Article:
– Vikki
    Apr 18 at 19:52

Re: June 2007 computer failure

In June 2007 while the Orbiter Atlantis was docked at the ISS during mission STS-133, all 3 of the Russian segment GNC computers crashed. This left the ISS without the ability to do any propulsive maneuvers, had not the Orbiter been docked.

STS-117 was installing new solar arrays and the Russians were quick to blame power supply problems related to this for the failures. However, investigation showed that the actual problem was poor design of the computer system (which resulted in a zero fault tolerant situation) and their cooling systems (which led to corrosion issues).

In the weeks that followed the crisis and apparent recovery, station commander Fyodor Yurchikhin and his fellow cosmonaut Oleg Kotov disassembled the boxes and cabling and inspected every angle of the hardware, occasionally assisted by their American crewmate, Clayton Anderson. Multiple scopes and probes had failed to find the flaw, but their eyes and fingers eventually did.

The connection pins from the power-monitoring device they'd bypassed earlier, they found, were wet--and corroded. The final report described the ”change in appearance” of fasteners on one box's connectors and noted ”the presence of deposits and residue on the housings, and residue and spots on the contact surfaces.”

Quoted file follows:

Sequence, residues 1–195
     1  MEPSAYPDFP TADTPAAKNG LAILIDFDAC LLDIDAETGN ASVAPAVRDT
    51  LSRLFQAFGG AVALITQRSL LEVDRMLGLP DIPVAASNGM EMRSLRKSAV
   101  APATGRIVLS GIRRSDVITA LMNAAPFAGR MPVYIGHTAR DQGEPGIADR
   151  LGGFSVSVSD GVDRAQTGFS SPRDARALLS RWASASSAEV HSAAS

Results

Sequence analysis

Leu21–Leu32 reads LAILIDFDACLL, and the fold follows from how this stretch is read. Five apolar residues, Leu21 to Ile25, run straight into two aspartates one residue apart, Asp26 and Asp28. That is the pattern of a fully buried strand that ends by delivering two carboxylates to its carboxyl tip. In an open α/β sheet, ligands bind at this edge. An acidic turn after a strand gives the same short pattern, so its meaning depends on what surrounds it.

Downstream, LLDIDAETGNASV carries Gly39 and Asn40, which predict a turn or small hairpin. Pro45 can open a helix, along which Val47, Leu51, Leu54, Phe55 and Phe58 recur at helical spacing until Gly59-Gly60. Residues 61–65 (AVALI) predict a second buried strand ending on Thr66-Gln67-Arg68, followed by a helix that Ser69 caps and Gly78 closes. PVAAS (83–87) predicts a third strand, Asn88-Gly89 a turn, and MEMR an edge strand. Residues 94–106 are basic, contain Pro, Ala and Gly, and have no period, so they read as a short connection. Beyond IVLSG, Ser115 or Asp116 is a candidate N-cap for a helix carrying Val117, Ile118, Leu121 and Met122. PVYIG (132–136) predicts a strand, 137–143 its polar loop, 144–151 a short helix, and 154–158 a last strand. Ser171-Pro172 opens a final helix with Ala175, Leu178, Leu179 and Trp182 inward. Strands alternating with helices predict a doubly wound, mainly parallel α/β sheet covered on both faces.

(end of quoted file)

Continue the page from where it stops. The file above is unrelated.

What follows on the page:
Continuity checks found that specific wires, called command lines, in the cable coming out of the device had failed. And one of those lines had short-circuited. Also, in a shocking design flaw, there was a ”power off” command leading to all three of the supposedly redundant processing units. The line was designed to protect the main computers, which are downstream of the power monitor, from power glitches too great for normal power filters to protect against. It does so by turning the computers off when it senses trouble. But in a failure unanticipated by its designers, this one command path itself was able to kill all three processing units due to a single corrosion-induced short.

During the next shuttle mission

During the August shuttle visit, the Russians were able to turn stabilization control over to the American spaceship and tear down their old computer network. The boxes and cables were replaced with fresh units, built and supplied by the European Space Agency and sent up inside a recently launched robot supply ship.

This quote

Multiple scopes and probes had failed to find the flaw, but their eyes and fingers eventually did.

lends credence to the claim that recovery required astronauts on board. Also, the design error which resulted in a loss of redundancy / zero fault tolerance would have kept the ground from simply switching to a different computer.

Note, however, that the ISS was not designed to operate uncrewed for long periods of time, so it is unrealistic to expect it to be able to respond to failures without onboard intervention. See this question and its answers: Why has the ISS not been left unmanned?